When the answer is correct, this icon will appear next to the answer. Click on it to find extra information about the word/phrase (e.g. when, where and how to use etc...) and a translation in Spanish.


To say that you have included the asked for information inside of the content of the email, is


I can confirm that:
(phrase) . It is used in formal emails when the information is written inside of the email. In Spanish: "Puedo confirmar que".



An informal way to start the opening of an email, is


I hope everything is ok:
(phrase) A nice friendly way to start a neutral or informal email. It is then followed by a sentence that states the purpose of the email, e.g. 'Do you know...' or 'I just thought that I'd let you know that...' etc... In Spanish: "Espero que todo vaya bien".



A formal way to start the opening of an email, when you're responding and uses the word 'with', is


With reference to your:
(phrase) This is used to confirm that you are responding. You can also phrases like 'Further to your...' or 'In reply to your...' In Spanish: "En relación a".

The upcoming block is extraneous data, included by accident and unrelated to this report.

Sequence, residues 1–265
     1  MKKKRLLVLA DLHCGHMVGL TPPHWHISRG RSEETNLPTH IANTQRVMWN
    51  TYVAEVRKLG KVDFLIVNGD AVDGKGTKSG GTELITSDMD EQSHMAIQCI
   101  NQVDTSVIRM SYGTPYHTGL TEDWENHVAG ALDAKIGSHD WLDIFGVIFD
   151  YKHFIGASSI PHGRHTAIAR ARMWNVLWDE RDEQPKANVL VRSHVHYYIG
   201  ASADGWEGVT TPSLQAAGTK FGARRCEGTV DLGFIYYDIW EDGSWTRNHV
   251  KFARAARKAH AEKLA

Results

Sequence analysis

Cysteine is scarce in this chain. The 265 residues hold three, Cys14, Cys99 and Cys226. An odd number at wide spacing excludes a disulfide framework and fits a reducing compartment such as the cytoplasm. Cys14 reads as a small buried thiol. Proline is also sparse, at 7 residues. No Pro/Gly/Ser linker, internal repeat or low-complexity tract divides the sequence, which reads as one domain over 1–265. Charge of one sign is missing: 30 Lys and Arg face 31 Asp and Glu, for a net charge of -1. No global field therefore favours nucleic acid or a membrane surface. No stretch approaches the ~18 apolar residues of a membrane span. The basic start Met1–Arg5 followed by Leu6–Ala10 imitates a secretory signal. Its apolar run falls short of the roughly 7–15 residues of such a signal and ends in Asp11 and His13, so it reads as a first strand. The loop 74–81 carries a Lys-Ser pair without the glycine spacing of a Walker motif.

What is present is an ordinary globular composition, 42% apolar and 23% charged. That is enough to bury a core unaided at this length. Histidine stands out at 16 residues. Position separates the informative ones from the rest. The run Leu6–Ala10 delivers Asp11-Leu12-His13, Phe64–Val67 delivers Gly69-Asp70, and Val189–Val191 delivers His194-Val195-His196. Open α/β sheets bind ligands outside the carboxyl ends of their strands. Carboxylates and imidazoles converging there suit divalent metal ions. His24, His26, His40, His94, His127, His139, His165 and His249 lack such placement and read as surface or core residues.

A formal way to give good news/information, is


We are pleased to inform you:
(phrase) A formal way of saying 'I'm happy to tell you that'. In Spanish: "Nos complace comunicarle que".



A formal way to start the opening of an email, which isn't responding to a previous contact, is


I am writing in reference to:
(phrase) Often the beginning/first email starts with 'I am writing...' or 'We are writing...'. You follow it with either 'with reference to' or 'with regards to'. Then you write the purpose of the email, e.g. 'I am writing with reference to the airport project'. In Spanish: "Me dirijo a usted en referencia a".